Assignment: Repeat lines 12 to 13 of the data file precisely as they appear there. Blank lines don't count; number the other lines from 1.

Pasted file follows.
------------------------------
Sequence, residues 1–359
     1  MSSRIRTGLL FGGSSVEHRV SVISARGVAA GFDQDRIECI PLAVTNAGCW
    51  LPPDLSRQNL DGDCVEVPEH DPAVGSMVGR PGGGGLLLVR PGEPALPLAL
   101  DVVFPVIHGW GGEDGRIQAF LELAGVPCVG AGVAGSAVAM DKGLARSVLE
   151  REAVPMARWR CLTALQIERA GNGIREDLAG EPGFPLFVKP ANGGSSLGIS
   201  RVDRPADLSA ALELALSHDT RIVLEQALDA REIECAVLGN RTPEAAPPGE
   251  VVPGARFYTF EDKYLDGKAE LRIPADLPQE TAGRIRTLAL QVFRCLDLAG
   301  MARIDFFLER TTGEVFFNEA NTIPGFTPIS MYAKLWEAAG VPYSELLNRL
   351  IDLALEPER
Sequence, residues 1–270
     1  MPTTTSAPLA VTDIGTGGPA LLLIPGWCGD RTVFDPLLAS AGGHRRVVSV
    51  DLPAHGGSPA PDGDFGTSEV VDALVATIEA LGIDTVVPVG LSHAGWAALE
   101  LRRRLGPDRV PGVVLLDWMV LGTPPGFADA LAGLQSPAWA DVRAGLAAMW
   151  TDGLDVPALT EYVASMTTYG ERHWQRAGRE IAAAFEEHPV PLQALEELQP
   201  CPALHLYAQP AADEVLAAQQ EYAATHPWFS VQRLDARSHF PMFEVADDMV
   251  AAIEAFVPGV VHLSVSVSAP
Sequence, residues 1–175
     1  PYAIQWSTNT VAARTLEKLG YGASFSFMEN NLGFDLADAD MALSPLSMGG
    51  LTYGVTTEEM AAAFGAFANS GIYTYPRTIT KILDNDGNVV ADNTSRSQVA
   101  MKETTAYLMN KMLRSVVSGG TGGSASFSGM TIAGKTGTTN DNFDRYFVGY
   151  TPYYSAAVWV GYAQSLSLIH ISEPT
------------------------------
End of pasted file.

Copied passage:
    51  DLPAHGGSPA PDGDFGTSEV VDALVATIEA LGIDTVVPVG LSHAGWAALE
   101  LRRRLGPDRV PGVVLLDWMV LGTPPGFADA LAGLQSPAWA DVRAGLAAMW